Arved Viirlaid. Selected Poems. Selected and translated from the Estonian by T.E. Moks and R.W. Stedingh. Vancouver. Lyre Press, 2001. 194 pages. ISBN 0-9685172-2-6.

Any literature created in a minor language seems to be destined to face a double barrier as soon as it tries to reach the wider world. Firstly, there’s the obvious language difficulty and, secondly, the reluctance of publishers to deal with anything that comes from “obscure” and “unknown” parts of the world, i.e. from outside the mainstream languages and majority cultures. Rarely, if ever, have these barriers been surmounted without the aid of personal enthusiasm.
   In the present case, the enthusiasm of the translators, the Estonian born US scholar Taimi Ene Moks and the American-Canadian poet and professor R. W. Stedingh, has been supported by the fact that Arved Viirlaid (b. 1922) is a solidly established Estonian emigrant writer, whose chef-d’oeuvre in prose fiction, the novel Graves without Crosses (in Estonian: Ristideta hauad, Lund, 1952) has appeared in translation, besides in English (Toronto, 1972), in French (1962), Spanish (1966), Chinese (1980), Swedish (1959), Latvian (1956), and Finnish (1968).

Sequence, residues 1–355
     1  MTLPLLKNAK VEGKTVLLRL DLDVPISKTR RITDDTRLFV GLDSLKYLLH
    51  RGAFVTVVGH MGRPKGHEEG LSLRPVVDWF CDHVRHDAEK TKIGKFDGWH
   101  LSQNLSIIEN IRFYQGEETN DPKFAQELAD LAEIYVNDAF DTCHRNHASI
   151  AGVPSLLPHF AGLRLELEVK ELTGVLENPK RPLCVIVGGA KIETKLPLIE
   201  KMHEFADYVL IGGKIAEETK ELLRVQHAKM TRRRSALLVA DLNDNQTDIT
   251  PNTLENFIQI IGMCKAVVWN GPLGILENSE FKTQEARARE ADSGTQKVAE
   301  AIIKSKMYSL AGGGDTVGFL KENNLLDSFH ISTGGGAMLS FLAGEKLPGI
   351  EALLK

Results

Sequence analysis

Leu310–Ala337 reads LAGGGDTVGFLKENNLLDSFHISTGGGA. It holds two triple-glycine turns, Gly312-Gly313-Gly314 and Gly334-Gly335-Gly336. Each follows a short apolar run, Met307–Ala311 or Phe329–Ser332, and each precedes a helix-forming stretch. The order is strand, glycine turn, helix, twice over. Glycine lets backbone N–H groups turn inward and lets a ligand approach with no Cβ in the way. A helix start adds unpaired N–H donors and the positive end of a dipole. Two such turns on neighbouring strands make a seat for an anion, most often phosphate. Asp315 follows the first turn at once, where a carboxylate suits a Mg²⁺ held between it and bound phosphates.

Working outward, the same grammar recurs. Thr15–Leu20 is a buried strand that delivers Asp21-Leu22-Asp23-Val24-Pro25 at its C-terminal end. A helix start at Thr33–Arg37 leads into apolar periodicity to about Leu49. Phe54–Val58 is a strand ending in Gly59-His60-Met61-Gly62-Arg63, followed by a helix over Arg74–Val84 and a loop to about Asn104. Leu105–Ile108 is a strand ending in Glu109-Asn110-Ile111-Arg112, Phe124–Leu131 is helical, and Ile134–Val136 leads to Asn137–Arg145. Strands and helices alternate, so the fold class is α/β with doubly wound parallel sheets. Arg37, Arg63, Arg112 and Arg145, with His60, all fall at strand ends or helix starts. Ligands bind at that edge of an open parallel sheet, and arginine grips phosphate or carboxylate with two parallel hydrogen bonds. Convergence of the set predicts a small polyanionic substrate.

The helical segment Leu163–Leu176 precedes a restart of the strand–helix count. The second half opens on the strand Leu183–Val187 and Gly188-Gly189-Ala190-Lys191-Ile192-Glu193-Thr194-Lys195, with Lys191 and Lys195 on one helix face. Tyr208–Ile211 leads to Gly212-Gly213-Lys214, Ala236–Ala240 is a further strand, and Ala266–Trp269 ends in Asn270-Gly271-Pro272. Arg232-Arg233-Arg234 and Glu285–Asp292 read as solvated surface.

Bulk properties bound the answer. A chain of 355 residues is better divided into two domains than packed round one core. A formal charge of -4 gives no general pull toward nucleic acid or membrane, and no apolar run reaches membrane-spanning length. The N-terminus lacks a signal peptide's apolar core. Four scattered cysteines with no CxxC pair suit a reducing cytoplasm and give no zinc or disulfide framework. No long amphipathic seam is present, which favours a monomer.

Viirlaid’s literary work started after the Second World War in London, after he, as a young man, had fought against the Soviet-Russian occupying armies both in Estonia and Finland, had fled before the end of the war to Sweden, and had found a temporary refuge in Great Britain. In 1953 he went on to Canada, where he settled permanently. In exile, he continued to write in his native Estonian, in which he has published eight novels, a collection of short narratives, and seven books of poetry. Because of his radical denouncement of Stalinist terror and the occupying communist regime, he was  persona non grata in his native Estonia under Soviet rule as late as Gorbachov’s perestroika. While other exiled writers received at least a short mention in the outline History of Estonian Literature, by E. Nirk (1983; also in English, 1970, revised, 1987), Viirlaid’s name never appeared in the book. On the other hand, the authors of a recently published radically re-modeled history of Estonian literature (Eesti kirjanduslugu, Tallinn, 2001) – apparently under the pressure of keeping pace with postmodern “decrees” – have failed to duly appreciate Viirlaid’s contribution to Estonian and world letters. Thus, the novel Graves without Crosses – which really deserves to be treated in the same canon with the most outstanding existential war and prison novels, such as, for instance, Pasternak’s Doctor Zhivago or the gulag novels of Alexandr Solzhenitsyn – is only briefly described as not “artful” enough, while not a single title of Viirlaid’s poetry books has been outlined.